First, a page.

I had one last beautiful, golden weekend before starting my OB/GYN rotation. I knew that I had to fit in one more memorable activity before my life became overrun with uteruses (uteri?) and babies.
Given my time constraints as a third-year, I thought that maybe I could change things up — instead of going to an activity to help alleviate stress, I could ask someone older and wiser than me for tips on how to de-stress. And who better to ask for advice than my 79-year-old grandmother?
The majority of medical school graduates are women, but the minority of surgeons and surgical trainees are women. The one thing that transcends all cultures appears to be a global sluggishness to welcome women into the surgical ranks.
Oh yes, I’m back without attack, like how I was before. / With growing strides and doubt that hides / away from breaking thoughts.
Monopoly, Risk, Parcheesi — I love them all. Board games have been an integral part of my life since I was young, and I attribute my childish competitiveness to the number of times I was beaten in these games in my childhood.
Our Health Policy student-leaders Aishwarya Rajagopalan and Adam Barsouk dissect the major policy changes of the ACA and the AHCA, offering their perspectives on the state of American health care.
Depression — the term itself certainly does well to evoke a feeling of doom and negativity. On an everyday basis, we often associate feelings such as the disappointment from a poor test score, the physical exhaustion incurred from a stressful day, and even the unexpected blight of cloudy grey skies, with depression.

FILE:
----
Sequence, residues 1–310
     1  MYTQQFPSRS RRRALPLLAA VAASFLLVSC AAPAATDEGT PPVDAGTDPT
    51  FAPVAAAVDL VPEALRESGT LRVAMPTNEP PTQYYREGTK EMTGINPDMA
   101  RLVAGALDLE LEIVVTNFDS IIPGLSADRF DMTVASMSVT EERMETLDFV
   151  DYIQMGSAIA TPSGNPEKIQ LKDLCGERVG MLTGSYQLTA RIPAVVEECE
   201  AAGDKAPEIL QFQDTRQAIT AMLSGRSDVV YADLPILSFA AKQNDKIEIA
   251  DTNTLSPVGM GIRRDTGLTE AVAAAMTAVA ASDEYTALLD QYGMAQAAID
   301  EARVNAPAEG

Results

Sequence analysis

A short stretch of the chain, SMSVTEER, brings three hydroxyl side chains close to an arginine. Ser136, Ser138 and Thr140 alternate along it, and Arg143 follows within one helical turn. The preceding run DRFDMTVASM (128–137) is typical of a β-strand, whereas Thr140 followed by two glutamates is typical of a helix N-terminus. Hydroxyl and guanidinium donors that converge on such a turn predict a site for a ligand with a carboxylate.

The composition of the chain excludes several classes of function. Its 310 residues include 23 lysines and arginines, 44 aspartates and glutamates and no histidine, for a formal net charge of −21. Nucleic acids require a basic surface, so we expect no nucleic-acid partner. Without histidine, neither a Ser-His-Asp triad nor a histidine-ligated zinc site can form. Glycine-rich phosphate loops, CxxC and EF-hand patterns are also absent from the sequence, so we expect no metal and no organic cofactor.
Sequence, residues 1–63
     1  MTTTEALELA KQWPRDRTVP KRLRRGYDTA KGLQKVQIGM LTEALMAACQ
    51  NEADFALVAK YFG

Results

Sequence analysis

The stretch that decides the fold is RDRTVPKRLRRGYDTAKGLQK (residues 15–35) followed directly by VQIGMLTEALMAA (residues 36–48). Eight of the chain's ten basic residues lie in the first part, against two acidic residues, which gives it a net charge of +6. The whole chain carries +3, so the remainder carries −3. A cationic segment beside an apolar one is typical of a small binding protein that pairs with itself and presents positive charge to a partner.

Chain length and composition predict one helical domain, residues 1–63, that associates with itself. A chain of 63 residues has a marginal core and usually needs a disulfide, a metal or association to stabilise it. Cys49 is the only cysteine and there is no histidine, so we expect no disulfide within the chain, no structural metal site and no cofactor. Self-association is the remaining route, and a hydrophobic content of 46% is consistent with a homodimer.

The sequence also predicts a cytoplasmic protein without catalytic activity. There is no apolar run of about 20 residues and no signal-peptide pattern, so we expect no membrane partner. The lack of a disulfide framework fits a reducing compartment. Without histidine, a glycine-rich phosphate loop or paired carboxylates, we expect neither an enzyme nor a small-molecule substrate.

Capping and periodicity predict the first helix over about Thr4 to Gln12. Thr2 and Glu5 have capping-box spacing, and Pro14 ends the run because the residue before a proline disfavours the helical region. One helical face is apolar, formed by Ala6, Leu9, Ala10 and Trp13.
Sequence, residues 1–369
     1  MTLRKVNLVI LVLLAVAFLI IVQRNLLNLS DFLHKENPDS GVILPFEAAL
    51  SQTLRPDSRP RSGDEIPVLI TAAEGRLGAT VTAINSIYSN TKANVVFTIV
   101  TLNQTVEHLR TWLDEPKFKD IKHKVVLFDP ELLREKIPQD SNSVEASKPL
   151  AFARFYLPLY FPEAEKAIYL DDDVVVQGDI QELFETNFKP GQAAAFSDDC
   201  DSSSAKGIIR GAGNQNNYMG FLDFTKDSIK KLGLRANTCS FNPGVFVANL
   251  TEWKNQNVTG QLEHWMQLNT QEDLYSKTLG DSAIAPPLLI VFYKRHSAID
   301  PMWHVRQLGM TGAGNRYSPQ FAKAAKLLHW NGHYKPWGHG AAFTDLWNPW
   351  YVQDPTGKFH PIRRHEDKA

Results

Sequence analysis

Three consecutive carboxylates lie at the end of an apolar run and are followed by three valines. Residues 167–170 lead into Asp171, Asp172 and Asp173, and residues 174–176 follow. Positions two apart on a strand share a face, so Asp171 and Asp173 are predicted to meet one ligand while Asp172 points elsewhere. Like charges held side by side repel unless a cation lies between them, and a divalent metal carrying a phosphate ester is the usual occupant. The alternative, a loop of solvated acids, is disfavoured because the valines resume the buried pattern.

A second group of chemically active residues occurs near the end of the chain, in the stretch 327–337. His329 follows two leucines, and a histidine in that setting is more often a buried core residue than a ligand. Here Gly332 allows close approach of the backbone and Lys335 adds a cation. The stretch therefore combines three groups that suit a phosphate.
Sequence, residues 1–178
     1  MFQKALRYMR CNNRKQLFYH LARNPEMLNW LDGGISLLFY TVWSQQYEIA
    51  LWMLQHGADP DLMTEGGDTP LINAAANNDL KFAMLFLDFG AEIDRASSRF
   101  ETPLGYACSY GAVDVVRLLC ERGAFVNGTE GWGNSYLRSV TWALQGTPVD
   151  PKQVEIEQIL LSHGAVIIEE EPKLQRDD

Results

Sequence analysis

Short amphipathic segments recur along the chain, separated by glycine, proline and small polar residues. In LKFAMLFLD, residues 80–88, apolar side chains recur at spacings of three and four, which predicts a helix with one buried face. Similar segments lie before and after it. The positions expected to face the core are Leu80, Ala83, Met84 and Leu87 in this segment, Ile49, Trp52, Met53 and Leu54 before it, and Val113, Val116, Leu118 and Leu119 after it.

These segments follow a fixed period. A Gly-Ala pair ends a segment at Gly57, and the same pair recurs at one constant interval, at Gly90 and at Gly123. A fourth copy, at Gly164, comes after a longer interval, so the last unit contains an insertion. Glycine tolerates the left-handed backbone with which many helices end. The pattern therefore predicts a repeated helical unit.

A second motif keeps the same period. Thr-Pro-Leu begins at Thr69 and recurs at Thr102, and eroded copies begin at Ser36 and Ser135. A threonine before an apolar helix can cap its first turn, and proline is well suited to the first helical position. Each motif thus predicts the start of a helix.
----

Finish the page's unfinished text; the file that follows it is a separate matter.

As a budding third year just starting out on my clinical rotations, I’ve recently learned the value of a home-cooked meal — there’s only so much take-out Chinese, microwaveable pizza rolls, and leftovers from last week’s lunch that my tastebuds will tolerate. It was only when one of my friends pointed out that it’s been a couple of weeks since I’ve eaten a vegetable that I realized I needed to make changes in my life: specifically, culinary ones.
“What’s the matter with everybody?” asked Mrs. Palmer, a hopelessly demented woman with water wells for eyes. She had just endured her third consecutive tongue-lashing by the bulldog masquerading as a nurse anesthetist.
When I tell people I am studying medicine and hope to be a surgeon, there tends to be a general agreement that I have made a good career choice, I have chosen a respected, solid field of work and will be guaranteed a “job for life.”
It’s that dreaded season again: spring. Whether you’re a fourth-year getting ready to cross the country for residency or a first-year readying for exams, I think it’s pretty safe to assume that spring is a stressful time for most of us.
The definition of “getting old” has changed dramatically in recent years. Due to the remarkable advances in medical technologies and interventions, the average life expectancy in the United States has been rising exponentially over the past 50 years. But while our bodies are lasting longer, our brains are still susceptible to the cognitive decline associated with aging.